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Does Hemispheric Asymmetry Reduction in Older Adults in Motor Cortex Reflect Compensation?

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Older adults tend to display greater brain activation in the nondominant hemisphere during even basic sensorimotor responses. It is debated whether this hemispheric asymmetry reduction in older adults (HAROLD) reflects a compensatory mechanism. Across two independent fMRI experiments involving adult life span human samples (N = 586 and N = 81, approximately half female) who performed right-hand finger responses, we distinguished between these hypotheses using behavioral and multivariate Bayes (MVB) decoding approaches. Standard univariate analyses replicated a HAROLD pattern in motor cortex, but in and out of scanner behavioral results both demonstrated evidence against a compensatory relationship in that reaction time measures of task performance in older adults did not relate to ipsilateral motor activity. Likewise, MVB showed that this increased ipsilateral activity in older adults did not carry additional information, and if anything, combining ipsilateral with contralateral activity patterns reduced action decoding in older adults (at least in experiment 1). These results contradict the hypothesis that HAROLD is compensatory and instead suggest that the age-related ipsilateral hyperactivation is nonspecific, consistent with alternative hypotheses about age-related reductions in neural efficiency/differentiation or interhemispheric inhibition.SIGNIFICANCE STATEMENT A key goal in the cognitive neuroscience of aging is to provide a mechanistic explanation of how brain-behavior relationships change with age. One interpretation of the common finding that task-based hemispheric activity becomes more symmetrical in older adults is that this shift reflects a compensatory mechanism, with the nondominant hemisphere needing to help out with computations normally performed by the dominant hemisphere. Contrary to this view, our behavioral and brain data indicate that the additional activity in ipsilateral motor cortex in older adults is not reflective of better task performance nor better neural representations of finger actions.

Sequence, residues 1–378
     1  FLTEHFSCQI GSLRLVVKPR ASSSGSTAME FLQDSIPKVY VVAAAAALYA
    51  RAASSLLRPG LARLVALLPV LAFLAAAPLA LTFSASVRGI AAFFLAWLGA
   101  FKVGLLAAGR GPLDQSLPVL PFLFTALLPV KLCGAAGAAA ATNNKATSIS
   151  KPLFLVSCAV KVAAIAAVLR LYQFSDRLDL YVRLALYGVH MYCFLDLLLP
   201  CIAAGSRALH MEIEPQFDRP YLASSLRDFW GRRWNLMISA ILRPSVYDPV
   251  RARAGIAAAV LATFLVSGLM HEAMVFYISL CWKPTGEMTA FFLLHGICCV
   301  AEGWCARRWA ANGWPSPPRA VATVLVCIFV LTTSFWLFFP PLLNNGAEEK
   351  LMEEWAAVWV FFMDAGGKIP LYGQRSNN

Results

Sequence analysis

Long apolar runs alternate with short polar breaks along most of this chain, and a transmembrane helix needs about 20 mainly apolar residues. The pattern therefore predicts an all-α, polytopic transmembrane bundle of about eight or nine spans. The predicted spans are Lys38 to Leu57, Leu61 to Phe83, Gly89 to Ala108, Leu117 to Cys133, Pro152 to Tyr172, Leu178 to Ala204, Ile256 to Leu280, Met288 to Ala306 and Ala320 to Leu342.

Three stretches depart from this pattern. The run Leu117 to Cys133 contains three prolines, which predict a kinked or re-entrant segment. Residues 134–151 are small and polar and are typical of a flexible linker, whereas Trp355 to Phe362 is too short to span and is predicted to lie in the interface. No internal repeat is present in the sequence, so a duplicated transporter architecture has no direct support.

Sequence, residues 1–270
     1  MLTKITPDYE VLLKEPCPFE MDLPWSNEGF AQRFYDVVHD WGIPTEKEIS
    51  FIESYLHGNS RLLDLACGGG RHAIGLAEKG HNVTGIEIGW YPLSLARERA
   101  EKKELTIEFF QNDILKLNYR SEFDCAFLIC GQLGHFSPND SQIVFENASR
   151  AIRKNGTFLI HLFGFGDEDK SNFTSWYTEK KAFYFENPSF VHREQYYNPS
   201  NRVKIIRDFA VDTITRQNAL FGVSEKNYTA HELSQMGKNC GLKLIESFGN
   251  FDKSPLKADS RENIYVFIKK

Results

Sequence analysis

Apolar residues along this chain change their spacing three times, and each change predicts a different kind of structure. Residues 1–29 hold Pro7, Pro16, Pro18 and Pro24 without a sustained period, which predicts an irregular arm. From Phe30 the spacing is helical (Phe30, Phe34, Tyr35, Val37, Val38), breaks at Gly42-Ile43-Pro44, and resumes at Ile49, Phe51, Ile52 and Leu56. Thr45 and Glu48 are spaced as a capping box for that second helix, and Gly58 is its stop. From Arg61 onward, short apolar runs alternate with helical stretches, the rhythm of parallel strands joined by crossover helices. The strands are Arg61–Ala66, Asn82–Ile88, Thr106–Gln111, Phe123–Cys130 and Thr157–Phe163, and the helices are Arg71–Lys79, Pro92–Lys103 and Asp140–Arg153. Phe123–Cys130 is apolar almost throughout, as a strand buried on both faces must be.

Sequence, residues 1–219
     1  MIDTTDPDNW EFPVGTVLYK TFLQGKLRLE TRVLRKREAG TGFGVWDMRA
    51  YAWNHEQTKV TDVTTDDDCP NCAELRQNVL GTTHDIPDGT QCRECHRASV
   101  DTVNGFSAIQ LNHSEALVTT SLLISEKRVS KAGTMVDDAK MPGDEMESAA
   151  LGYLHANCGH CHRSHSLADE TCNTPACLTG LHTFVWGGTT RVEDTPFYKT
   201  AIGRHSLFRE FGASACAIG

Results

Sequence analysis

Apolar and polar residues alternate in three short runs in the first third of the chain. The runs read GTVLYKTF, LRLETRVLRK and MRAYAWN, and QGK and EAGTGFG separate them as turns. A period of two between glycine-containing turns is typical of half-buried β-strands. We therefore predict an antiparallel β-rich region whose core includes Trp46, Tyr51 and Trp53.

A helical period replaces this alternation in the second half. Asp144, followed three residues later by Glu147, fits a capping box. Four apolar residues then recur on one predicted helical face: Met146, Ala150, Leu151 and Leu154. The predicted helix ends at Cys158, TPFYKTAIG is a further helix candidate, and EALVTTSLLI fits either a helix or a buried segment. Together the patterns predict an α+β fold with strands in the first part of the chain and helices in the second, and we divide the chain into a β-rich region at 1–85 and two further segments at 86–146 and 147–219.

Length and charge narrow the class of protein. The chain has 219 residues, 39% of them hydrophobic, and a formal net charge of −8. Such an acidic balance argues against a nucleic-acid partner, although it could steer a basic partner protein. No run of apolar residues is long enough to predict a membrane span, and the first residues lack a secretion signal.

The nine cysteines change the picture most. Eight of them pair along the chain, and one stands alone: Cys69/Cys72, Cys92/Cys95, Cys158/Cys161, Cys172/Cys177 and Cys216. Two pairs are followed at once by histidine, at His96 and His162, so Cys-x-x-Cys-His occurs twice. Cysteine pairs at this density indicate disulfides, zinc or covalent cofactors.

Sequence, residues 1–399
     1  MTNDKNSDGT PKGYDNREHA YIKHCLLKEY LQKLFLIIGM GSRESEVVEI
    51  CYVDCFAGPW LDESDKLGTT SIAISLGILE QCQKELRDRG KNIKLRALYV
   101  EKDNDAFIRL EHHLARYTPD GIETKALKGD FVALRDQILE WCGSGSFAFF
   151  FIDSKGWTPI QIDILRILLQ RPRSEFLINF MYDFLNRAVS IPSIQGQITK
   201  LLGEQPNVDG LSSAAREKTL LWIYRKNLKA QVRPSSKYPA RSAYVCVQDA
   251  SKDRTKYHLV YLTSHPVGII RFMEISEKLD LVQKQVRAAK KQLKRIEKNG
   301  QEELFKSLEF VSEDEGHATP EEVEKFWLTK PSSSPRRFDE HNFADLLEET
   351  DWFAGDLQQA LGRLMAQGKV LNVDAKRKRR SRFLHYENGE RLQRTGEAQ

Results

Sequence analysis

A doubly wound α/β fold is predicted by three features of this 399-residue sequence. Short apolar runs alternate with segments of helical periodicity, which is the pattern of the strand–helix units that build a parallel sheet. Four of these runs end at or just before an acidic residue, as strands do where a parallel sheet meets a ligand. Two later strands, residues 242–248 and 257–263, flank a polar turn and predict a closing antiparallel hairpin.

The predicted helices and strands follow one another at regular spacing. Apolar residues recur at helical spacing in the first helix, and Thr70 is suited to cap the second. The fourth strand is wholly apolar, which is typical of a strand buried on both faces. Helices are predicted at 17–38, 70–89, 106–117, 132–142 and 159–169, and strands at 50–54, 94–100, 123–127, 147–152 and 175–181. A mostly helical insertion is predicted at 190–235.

HAROLD, aging, compensation, life span, motor cortex, multivariate Bayes, Adolescent, Adult, Aged, Aged, 80 and over, Aging, Female, Functional Laterality, Humans, Magnetic Resonance Imaging, Male, Middle Aged, Motor Cortex, Psychomotor Performance, Young Adult

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J Neurosci

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Society for Neuroscience
MRC (unknown)
Medical Research Council (MC_UU_00005/8)